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Constitutional Amendment: Dolapo Osinbajo Comes Into Senate Chambers To Observe Plenary

Federal lawmakers are expected to vote on Bills proposed by its committee to amend the 1999 Constitution today.

Dolapo Osinbajo, wife of the Vice President of Nigeria, Yemi Osinbajo on Tuesday led a delegation of women to observe the Senate’s plenary.
Federal lawmakers are expected to vote on Bills proposed by its committee to amend the 1999 Constitution today. 


The Senate President Ahmad Lawan recognised the presence of Mrs Osinbajo and her team at the gallery.
Last Wednesday, Nigeria’s first lady, Aisha Buhari, was at the National Assembly to attend a plenary session in the Senate.
She was in the Senate to observe the laying of the report of the Constitution Review to be done by the Committee headed by the Deputy Senate President, Senator Ovie Omo-Agege.
Buhari attended the plenary to throw her weight behind an item for amendment in the 1999 constitution which seeks specific seats to be created for female legislators.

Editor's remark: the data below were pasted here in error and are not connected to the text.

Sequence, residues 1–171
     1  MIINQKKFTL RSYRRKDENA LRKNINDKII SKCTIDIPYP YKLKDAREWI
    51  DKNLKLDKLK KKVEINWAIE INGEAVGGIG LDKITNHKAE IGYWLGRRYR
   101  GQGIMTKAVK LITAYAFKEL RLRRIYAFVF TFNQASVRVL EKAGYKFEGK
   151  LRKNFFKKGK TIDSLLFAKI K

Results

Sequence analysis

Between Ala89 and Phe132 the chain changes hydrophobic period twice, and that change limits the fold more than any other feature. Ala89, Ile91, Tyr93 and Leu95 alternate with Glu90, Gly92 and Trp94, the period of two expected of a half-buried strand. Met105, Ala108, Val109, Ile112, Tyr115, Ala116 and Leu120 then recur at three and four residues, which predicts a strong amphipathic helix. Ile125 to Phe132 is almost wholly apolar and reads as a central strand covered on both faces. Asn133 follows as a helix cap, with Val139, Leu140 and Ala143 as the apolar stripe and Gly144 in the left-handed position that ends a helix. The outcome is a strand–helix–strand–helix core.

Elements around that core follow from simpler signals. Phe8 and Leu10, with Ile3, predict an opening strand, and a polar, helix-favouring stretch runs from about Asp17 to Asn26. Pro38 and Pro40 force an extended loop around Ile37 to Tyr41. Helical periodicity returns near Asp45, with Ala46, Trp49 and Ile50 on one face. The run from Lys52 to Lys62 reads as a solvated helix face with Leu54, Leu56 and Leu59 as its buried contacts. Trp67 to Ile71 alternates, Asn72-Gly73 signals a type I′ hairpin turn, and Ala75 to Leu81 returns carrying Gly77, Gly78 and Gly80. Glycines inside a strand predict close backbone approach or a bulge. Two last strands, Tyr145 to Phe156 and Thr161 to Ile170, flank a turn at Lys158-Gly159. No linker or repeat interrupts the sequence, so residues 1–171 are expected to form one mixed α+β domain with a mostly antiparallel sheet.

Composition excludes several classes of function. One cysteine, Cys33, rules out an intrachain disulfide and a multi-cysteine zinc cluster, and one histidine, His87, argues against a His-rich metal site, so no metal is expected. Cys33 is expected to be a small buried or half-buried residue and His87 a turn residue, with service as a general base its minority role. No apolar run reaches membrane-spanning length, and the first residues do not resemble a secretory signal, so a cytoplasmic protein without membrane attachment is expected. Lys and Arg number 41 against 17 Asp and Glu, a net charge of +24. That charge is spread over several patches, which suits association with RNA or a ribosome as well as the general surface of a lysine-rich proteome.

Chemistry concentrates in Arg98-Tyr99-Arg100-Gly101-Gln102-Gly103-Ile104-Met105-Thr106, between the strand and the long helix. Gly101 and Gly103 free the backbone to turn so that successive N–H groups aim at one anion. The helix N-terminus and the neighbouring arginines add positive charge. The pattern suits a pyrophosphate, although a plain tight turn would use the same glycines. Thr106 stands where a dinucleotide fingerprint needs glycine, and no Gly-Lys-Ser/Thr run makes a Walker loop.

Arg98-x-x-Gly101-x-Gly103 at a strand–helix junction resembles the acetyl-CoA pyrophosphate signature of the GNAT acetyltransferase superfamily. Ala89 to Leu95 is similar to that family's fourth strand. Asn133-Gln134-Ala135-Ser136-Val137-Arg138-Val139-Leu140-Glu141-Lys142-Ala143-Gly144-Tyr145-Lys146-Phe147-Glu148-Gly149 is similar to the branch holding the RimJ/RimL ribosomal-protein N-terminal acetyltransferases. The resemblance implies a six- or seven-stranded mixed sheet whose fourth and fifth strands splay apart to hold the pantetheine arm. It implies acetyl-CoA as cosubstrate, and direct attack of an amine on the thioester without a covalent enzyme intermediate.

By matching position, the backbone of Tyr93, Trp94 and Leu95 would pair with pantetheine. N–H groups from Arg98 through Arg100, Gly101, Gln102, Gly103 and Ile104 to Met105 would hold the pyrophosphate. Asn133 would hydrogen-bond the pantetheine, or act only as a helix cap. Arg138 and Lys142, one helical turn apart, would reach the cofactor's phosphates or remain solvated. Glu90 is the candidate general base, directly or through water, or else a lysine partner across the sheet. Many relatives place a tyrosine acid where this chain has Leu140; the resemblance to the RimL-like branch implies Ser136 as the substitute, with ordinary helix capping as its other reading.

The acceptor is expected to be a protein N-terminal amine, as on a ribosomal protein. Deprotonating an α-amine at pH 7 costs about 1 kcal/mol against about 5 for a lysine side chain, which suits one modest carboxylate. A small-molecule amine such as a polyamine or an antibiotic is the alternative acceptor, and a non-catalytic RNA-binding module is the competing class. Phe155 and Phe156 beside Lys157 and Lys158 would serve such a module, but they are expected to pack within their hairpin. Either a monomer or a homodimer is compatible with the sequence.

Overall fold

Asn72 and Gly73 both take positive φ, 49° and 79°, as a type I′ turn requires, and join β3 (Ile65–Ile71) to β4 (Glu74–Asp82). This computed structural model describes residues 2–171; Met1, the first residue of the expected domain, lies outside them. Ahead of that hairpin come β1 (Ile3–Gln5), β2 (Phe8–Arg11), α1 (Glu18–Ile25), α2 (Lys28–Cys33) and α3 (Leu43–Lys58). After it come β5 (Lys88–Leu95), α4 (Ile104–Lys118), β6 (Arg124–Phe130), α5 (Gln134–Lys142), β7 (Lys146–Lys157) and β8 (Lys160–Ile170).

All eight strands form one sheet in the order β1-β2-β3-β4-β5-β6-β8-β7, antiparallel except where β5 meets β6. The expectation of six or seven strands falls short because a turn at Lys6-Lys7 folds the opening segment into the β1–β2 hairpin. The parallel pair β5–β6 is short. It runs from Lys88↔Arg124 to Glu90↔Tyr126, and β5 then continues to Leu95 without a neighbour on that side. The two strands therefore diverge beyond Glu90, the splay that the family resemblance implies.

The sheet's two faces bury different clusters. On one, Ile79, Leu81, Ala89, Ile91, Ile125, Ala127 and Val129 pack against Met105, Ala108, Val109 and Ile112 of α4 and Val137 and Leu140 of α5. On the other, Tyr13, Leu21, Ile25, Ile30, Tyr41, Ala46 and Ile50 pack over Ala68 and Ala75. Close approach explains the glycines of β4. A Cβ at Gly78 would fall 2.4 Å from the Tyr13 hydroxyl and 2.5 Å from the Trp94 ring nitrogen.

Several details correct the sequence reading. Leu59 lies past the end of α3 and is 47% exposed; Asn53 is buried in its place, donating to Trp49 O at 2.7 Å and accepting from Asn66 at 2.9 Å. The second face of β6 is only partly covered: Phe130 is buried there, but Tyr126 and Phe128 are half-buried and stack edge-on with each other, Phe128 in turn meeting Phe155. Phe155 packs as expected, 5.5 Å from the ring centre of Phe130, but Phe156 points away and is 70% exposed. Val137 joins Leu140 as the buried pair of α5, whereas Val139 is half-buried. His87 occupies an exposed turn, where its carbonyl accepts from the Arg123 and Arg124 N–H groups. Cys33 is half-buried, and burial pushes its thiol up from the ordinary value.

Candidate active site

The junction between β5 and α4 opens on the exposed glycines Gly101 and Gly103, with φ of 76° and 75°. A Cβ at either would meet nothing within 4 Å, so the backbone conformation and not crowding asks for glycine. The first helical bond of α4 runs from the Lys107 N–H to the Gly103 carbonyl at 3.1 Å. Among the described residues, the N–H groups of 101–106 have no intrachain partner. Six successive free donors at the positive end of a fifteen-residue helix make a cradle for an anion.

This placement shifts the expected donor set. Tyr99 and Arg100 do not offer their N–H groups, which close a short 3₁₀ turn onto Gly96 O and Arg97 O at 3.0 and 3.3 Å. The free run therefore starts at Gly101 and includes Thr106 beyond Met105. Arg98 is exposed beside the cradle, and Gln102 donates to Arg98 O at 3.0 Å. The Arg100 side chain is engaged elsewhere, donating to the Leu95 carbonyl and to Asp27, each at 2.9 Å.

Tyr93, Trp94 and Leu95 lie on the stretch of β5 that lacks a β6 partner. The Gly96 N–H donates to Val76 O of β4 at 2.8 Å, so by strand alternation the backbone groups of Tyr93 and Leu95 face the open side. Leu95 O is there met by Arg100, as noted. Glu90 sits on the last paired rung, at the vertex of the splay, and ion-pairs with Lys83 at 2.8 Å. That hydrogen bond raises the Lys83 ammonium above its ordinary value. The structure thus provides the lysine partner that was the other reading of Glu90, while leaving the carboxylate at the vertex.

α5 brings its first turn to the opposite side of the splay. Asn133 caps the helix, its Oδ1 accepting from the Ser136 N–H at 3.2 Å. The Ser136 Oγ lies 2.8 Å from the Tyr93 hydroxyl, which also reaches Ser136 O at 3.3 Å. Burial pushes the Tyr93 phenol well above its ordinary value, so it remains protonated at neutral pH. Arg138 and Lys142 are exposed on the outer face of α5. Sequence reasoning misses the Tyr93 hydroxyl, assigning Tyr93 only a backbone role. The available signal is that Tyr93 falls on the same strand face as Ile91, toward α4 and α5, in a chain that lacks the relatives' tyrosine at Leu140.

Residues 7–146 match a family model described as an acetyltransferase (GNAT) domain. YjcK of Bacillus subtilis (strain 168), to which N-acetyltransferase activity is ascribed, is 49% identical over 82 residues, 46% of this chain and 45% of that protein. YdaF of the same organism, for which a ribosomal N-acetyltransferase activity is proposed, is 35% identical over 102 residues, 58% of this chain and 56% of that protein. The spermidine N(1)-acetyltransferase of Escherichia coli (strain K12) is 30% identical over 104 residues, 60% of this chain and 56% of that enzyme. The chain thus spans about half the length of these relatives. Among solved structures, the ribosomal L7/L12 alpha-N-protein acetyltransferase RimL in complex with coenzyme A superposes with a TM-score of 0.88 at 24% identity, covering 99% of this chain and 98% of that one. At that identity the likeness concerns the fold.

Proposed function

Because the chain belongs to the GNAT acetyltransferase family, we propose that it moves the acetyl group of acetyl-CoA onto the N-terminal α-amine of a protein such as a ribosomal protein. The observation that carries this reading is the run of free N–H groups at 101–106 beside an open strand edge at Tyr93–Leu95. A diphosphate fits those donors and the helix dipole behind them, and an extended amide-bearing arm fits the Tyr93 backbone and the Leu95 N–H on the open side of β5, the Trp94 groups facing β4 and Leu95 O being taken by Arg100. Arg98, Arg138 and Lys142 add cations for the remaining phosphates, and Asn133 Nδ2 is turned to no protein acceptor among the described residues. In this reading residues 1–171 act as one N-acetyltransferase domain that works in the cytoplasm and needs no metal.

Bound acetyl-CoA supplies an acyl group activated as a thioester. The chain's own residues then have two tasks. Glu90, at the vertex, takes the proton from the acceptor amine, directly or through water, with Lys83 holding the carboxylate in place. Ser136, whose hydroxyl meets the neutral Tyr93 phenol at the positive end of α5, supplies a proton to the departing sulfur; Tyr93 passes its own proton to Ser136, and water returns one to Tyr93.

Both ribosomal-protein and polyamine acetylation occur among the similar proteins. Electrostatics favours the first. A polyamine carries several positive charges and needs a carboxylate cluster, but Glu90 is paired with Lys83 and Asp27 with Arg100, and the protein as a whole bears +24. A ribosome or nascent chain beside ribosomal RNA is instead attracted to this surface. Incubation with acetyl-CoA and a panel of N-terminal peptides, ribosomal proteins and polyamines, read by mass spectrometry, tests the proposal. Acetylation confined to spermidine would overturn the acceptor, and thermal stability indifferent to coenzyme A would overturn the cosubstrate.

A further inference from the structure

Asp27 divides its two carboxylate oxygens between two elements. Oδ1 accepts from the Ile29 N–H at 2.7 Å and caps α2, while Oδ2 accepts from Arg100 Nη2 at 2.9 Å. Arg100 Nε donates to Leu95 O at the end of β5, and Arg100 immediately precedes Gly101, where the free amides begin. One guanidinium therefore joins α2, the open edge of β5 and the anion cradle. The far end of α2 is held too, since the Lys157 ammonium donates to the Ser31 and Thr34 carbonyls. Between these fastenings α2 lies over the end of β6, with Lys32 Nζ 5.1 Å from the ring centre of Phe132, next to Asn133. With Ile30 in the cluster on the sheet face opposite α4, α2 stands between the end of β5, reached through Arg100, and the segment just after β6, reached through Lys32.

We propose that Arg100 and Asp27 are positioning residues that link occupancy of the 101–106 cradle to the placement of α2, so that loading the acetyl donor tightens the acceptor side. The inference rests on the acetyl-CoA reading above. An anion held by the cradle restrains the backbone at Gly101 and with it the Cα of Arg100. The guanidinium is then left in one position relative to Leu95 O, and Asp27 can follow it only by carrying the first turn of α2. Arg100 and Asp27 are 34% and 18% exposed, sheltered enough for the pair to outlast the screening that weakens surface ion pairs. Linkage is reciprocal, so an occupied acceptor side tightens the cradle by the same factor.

The First Lady was accompanied to the Chambers by the Minister of Women Affairs, Mrs Pullen Tallen; Minister of Finance, Budget and National Planning, Mrs Zainab Ahmed and some of her aides.
Recall that the Joint Senate and House Committees on Constitution review had made a recommendation which will allow greater women representation in the legislative arm of government.
The Committee had recommended the creation of 111 additional legislative seats in the National Assembly and two additional seats per senatorial zone in state Houses of Assembly and the Federal Capital Territory which will be solely occupied by women come 2023.
Also at the House of Representatives, the Speaker, Femi Gbajabiamila; and Majority Leader, Ado Doguwa, announced that Mrs Osinbajo would be in the chamber to observe proceedings.
However, some lawmakers repeatedly screamed “no” in their protest against her coming into the chamber as they consider the report. Others however replied with “yes.”
Gbajabiamila, who noted that the minority would always have their say and the majority would always have their way, put the admittance of the Vice-President’s wife into the chamber to voice vote.
Though the nays were more than the ayes, the Speaker ruled that the ayes had it.